Set in the early 19th century, this courtroom drama is an indictment of anti-Semitism, which began two centuries BCE and is an ongoing evil today.
David Neander arrives in England to start a new life. Two days later, he is accused of stealing half a sheep, arrested and brought to trial. It becomes obvious that the judge is prejudiced by the fact that David is a Jew and regards him as a low-life. The valuation of the half-sheep is 40 shillings, which makes the theft a capital crime and worthy of the death penalty. David is found guilty and sentenced to death. This part of the story is based on a true event that the author read about.
Julia Carmichael wanted to be a lawyer like her father, but since that is impossible she becomes his clerk. She is in the courtroom for David’s trial and is furious at what she sees as an egregious miscarriage of justice. After visiting David in prison, she determines to save him from the hangman. Their association blossoms into a restricted romance.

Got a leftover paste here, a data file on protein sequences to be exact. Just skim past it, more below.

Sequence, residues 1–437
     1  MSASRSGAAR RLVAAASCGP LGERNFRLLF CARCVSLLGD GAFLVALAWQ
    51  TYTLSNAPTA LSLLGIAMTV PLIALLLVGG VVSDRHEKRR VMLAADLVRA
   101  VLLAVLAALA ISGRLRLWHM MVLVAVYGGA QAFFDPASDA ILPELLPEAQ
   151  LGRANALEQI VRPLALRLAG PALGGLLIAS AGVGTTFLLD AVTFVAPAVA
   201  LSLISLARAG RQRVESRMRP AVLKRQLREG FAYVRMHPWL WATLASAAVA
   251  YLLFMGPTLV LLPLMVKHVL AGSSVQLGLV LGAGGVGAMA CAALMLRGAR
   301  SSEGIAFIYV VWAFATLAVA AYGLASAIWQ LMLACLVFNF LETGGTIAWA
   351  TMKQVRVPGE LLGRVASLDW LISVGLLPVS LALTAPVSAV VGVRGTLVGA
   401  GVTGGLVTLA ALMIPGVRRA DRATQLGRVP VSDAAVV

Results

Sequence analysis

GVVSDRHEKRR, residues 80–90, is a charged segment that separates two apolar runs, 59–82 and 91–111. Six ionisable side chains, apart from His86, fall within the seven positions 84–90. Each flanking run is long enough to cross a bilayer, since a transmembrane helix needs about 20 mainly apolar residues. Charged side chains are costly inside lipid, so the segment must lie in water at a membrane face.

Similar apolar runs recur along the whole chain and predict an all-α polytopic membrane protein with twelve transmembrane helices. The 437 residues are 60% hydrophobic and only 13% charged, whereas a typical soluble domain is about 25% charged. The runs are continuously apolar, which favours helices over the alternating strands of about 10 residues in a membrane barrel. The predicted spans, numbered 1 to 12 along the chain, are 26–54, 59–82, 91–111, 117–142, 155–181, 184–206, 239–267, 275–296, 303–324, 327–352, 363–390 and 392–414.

This is more than just a courtroom drama. The author takes us on a journey through the previous four years of David’s life where we see that far from being a low-life, he is an exceptional young man who has risen from a family tragedy to become a translator, a poet, and a pugilist. The latter skill proves very useful as he makes his way from Germany to England, only to run afoul of the law.
David is a thoroughly decent man and Julia is a determined, loyal and compassionate young woman who refuses to give up in spite of setbacks. On his journey, David meets some interesting characters. My favourite is Old Musketeer, named after the gun that blinded him, a more self-reliant man than most sighted people.
The historical aspects of the story – justice in 29th century England, anti-Semitism in Germany, and more – were enlightening. One little niggle – too much description of David’s fights, literally blow by blow, became tedious. I skipped through them, so they did not spoil my enjoyment of the book.
I reviewed this book for Discovering Diamonds